How a Crankshaft Angle Sensor Works
Crankshaft Position Sensor (CKP) - Computer controlled vehicles us ea vast array of sensors to keep track of what the engine is doing, among the most important is the crankshaft position sensor. This sensor goes by a few different names depending on the manufacturer, crankshaft angle sensor, CKP sensor, crankshaft position sensor. Regardless of what is called, the function is the same, to accurately tell the PCM (powertrain control module) the position of the crankshaft for ignition timing and injector pulse. In this article we will explain what this very important piece of electronics does, and why it is necessary to make your vehicle perform at its optimum. Crankshaft position sensors have been around for many years, with the advent of fuel injection and computer controls it became necessary to keep tabs on the position of the crankshaft while the engine is running so the computer knows when spark should be applied, when a misfire is occurring and when the injectors should be fired. Injector firing is information that is compiled from the crankshaft position sensor and the camshaft position sensor as a set, the PCM notes the correlation and position of the two and fires the injectors from that information. Spark is controlled from information gathered by the crankshaft position sensor, which is basically the ignition timing. The PCM can advance the timing or retard it depending on what it sees the crankshaft doing through the crankshaft position sensor and feedback from the knock sensor (detonation-pinging) if so equipped. A crankshaft position sensor uses a simple magnetic coil and reluctor (toothed or slotted) wheels to determine the position of the crankshaft. The number of teeth or slots on the wheel depends on the number of cylinders in the engine, for instance a V-8 Ford wheel may have 36 teeth with 1 wide spaced slot, and a V-10 might only have 40 teeth plus the wide slot, depending on how the system is engineered. A wide slot or gap is used on the reluctor wheel so the PCM has a reference point on the crankshaft, it can then determine when the next cylinder needs spark by the amount of times the sensor is triggered after the wide gap in the teeth or slots. This gap is very important to the PCM, it also uses the amount of time it takes for the crankshaft to return to the gap to determine an engine misfire. When this happens, the PCM then uses known parameters to determine which cylinder is the misfire by seeing exactly when the crankshaft slows down in the firing order. When spark is applied the crankshaft should temporarily speed up, when that isn’t seen by the crankshaft position sensor, the computer knows that there is something wrong with that cylinder. Detonation can do the same thing, but for that the PCM would see information from the knock sensor that it is picking up detonation (pinging) and would then retard ignition timing to compensate.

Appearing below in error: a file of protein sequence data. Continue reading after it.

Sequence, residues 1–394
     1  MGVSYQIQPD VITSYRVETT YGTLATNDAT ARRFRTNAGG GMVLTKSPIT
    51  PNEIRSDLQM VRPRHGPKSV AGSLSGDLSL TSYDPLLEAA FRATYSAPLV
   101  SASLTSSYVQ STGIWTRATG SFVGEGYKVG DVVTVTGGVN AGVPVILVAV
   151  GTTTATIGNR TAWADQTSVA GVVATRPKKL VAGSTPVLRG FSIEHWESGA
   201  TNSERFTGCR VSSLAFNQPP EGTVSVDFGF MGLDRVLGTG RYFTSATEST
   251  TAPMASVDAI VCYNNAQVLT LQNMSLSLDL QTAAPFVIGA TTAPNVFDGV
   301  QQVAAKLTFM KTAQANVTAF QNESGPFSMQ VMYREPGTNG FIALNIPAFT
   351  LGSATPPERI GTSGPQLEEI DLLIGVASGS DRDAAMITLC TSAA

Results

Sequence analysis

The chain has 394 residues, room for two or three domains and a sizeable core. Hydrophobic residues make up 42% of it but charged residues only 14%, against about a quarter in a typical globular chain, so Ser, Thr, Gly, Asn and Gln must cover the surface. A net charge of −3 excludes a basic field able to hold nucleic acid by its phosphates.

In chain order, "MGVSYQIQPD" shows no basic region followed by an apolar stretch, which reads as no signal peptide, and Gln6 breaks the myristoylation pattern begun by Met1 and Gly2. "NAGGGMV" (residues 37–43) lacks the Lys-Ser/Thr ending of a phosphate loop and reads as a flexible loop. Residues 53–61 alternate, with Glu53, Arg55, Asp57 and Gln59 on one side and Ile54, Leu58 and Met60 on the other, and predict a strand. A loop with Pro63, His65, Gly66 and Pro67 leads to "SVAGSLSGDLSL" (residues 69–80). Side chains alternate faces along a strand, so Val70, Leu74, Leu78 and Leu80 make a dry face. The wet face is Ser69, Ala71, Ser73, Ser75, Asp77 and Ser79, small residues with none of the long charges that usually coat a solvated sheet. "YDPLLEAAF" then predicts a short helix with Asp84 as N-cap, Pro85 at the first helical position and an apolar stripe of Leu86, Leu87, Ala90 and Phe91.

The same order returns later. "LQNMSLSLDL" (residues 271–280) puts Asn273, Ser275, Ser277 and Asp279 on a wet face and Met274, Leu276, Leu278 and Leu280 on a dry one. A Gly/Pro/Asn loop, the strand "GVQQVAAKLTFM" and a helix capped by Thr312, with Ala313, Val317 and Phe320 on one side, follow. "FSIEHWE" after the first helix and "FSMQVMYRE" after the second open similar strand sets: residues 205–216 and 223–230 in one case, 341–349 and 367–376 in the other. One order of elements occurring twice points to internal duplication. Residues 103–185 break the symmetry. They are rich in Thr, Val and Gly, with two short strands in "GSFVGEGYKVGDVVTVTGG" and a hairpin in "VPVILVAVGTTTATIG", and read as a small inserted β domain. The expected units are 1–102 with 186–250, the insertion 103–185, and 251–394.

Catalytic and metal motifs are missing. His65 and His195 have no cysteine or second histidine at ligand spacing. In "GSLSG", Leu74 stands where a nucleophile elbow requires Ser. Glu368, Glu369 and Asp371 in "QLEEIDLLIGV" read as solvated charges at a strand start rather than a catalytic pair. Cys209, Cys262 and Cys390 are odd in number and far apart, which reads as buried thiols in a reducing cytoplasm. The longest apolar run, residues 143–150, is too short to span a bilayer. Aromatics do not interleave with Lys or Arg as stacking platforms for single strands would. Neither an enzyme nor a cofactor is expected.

Location of the crank angle sensor varies by manufacturer; some are in the front of the engine, some rear and a few in the center, so consult a repair manual for the exact location of the sensor in your vehicle. When a crankshaft position sensor fails, the vehicle usually wont start. The PCM has to see crankshaft rotation before it will turn on specific items, besides the fact that it doesn’t know when to apply spark due to no rotation of the crankshaft. These failures will usually set a trouble code in the PCM, referring to signal of the crankshaft position sensors, or lack thereof. If your crankshaft position sensor needs replacing, always use an OEM (Original Equipment Manufacturer) part or equivalent. A cheaper sensor may not last as long or perform as well. Replacement of the crankshaft angle sensor is usually fairly easy, depending on location. Before tackling this job, refer to a service manual for location, and then look to see if any special tools would be required to remove and reinstall it. Sometimes ¼ inch drive universal sockets are needed to remove the retaining bolts, as they aren’t always in an easily accessible spot. If further assistance is needed, our certified car repair technicians are ready to answer your car questions. Related Car Repair Information